advertisement
Home » News » Parenting » Kids Lower Parents’ Blood Pressure

Kids Lower Parents’ Blood Pressure

Any parent can discuss the trials and tribulations associated with raising children, and most would say that kids elevate stress levels. However, new research suggests raising children can convey a protective health effect.

A new Brigham Young University study found that parenthood is associated with lower blood pressure, particularly so among women.

Julianne Holt-Lunstad, a BYU psychologist who studies relationships and health, reports her findings in the journal Annals of Behavioral Medicine.

Of course parenthood is not the only route to low blood pressure – daily exercise and a low-sodium diet also do the trick. The noteworthy aspect of the study is the idea that social factors may also protect physical health.

“While caring for children may include daily hassles, deriving a sense of meaning and purpose from life’s stress has been shown to be associated with better health outcomes,” Holt-Lunstad said.

The study involved 198 adults who wore portable blood pressure monitors, mostly concealed by their clothes, for 24 hours.

The monitors took measurements at random intervals throughout the day – even while participants slept. This method provides a better sense of a person’s true day-to-day blood pressure. Readings taken in a lab can be inflated by people who get the jitters in clinical settings.

It’s a real phenomenon known as the “white coat” effect, and it can mess up the results of studies done without the portable monitors.

A statistical analysis allowed the researchers to account for other factors known to influence blood pressure – things like age, body mass, gender, exercise, employment and smoking – and zero in on the effect of parenthood. For parents overall, the 24-hour blood pressure readings averaged 116 / 71.

All other things being equal, parents scored 4.5 points lower than non-parents in systolic blood pressure (the top number) and 3 points lower than non-parents in diastolic blood pressure.

Holt-Lunstad says the size of the difference is statistically significant, but she warns against hastily making major life changes based on this finding alone.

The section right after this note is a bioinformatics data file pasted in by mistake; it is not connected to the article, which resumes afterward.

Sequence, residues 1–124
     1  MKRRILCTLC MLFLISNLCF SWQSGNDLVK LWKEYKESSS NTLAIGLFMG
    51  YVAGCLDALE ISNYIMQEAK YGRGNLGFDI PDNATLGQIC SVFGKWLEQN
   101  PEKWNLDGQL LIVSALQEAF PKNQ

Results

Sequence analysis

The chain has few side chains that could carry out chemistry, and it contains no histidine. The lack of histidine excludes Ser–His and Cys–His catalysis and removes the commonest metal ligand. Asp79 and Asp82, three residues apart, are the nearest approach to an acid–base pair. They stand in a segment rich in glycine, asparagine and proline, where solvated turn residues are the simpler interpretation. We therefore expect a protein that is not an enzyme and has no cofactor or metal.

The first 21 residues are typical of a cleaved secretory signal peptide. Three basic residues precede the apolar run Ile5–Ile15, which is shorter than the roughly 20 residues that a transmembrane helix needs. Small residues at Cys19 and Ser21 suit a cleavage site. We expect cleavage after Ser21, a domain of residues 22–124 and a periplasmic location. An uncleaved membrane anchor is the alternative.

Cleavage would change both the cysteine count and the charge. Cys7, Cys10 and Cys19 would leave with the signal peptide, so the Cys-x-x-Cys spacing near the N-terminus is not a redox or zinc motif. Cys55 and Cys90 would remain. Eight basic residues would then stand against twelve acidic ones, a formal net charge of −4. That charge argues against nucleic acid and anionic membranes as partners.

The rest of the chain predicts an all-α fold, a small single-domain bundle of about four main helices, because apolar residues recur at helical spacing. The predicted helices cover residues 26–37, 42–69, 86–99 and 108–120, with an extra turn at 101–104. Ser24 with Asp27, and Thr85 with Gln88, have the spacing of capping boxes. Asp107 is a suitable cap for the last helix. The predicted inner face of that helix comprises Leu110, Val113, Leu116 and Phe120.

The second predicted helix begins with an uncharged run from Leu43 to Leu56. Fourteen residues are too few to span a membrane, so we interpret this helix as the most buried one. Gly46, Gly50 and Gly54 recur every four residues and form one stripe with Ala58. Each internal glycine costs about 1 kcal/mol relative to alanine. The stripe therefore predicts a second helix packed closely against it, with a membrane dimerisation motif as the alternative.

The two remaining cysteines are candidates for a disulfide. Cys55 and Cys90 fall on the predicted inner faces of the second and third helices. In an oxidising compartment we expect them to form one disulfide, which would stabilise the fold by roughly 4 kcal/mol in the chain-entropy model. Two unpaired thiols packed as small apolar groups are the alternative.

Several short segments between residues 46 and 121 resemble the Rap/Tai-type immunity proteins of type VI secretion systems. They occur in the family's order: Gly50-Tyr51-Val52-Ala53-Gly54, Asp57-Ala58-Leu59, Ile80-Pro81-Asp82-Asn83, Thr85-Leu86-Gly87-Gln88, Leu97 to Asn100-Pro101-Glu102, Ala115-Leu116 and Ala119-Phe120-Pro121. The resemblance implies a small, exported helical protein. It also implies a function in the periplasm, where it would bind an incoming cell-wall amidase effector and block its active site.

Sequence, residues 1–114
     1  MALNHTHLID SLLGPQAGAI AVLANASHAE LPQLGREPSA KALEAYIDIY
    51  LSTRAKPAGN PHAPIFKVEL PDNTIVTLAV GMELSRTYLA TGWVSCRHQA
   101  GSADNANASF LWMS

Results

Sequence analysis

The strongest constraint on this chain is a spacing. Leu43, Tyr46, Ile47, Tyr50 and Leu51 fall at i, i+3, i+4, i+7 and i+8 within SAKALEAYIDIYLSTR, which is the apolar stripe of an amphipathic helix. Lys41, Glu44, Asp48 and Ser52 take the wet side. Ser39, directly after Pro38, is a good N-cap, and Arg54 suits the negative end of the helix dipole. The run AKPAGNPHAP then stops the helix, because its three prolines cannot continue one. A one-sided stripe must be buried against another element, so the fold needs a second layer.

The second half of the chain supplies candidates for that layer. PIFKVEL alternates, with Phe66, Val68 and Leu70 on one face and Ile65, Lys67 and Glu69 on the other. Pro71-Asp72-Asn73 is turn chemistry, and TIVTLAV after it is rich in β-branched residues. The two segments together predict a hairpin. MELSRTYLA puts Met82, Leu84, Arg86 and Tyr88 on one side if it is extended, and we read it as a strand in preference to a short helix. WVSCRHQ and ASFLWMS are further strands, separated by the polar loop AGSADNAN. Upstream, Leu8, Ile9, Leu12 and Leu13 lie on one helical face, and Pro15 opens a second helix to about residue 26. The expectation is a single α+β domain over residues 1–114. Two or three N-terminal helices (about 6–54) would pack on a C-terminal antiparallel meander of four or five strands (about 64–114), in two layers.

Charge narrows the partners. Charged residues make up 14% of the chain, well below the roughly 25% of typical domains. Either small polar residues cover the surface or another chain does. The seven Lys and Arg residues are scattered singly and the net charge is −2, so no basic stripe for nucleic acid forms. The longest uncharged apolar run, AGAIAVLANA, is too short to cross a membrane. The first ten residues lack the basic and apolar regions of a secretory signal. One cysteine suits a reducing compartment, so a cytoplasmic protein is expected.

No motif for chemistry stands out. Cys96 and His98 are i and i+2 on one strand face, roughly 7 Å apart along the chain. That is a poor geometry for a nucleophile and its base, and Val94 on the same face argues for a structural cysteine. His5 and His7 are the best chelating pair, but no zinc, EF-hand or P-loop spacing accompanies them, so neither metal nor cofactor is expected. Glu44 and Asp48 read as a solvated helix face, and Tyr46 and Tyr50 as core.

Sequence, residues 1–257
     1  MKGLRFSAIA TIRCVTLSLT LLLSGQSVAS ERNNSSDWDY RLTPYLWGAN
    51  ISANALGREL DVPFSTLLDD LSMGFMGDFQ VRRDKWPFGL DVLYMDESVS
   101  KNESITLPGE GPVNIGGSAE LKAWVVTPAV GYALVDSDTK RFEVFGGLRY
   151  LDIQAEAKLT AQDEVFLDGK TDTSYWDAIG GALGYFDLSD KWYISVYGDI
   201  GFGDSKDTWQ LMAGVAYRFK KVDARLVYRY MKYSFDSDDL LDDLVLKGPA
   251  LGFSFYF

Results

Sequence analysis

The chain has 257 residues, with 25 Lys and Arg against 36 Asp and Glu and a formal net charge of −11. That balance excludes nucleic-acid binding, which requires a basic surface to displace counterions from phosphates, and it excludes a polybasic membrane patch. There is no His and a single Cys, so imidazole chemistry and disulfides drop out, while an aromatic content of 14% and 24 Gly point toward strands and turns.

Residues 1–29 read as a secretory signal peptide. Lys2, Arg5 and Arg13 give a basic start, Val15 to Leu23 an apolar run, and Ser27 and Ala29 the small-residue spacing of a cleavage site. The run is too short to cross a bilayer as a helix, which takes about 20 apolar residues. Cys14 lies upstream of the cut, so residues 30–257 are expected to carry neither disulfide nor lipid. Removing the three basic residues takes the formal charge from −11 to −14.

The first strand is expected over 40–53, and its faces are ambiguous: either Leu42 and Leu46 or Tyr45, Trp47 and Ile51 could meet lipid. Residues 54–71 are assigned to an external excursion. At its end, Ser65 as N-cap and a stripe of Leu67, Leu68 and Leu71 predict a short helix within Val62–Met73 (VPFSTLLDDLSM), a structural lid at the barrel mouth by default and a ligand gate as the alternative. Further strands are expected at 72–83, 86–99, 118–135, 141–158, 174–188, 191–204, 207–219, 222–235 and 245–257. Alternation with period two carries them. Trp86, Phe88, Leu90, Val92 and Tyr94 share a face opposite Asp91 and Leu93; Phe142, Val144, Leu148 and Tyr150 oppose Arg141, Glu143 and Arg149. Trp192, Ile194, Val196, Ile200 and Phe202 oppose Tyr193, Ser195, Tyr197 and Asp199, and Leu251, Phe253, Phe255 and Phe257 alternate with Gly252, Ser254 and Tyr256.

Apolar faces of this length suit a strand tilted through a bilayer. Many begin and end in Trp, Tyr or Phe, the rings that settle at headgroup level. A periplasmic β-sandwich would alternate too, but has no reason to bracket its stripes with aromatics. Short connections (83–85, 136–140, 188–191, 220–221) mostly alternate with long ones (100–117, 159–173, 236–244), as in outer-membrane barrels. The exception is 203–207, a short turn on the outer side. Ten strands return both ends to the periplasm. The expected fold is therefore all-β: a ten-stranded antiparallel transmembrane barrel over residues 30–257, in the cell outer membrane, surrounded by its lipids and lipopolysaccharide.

“This doesn’t mean the more kids you have, the better your blood pressure,” Holt-Lunstad said. “The findings are simply tied to parenthood, no matter the number of children or employment status.”

The effect was more pronounced among women, with motherhood corresponding to a 12-point difference in systolic blood pressure and a 7-point difference in diastolic blood pressure.

And if fulfilling relationships make your body feel better, it’s no surprise what stressful relationships can do.

Source: Brigham Young University

Kids Lower Parents’ Blood Pressure

Rick Nauert PhD

Rick Nauert, PhDDr. Rick Nauert has over 25 years experience in clinical, administrative and academic healthcare. He is currently an associate professor for Rocky Mountain University of Health Professionals doctoral program in health promotion and wellness. Dr. Nauert began his career as a clinical physical therapist and served as a regional manager for a publicly traded multidisciplinary rehabilitation agency for 12 years. He has masters degrees in health-fitness management and healthcare administration and a doctoral degree from The University of Texas at Austin focused on health care informatics, health administration, health education and health policy. His research efforts included the area of telehealth with a specialty in disease management.

APA Reference
Nauert PhD, R. (2016). Kids Lower Parents’ Blood Pressure. Psych Central. Retrieved on October 22, 2018, from https://psychcentral.com/news/2010/01/19/kids-lower-parents-blood-pressure/10823.html

 

Scientifically Reviewed
Last updated: 5 Jul 2016
Last reviewed: By John M. Grohol, Psy.D. on 5 Jul 2016
Published on PsychCentral.com. All rights reserved.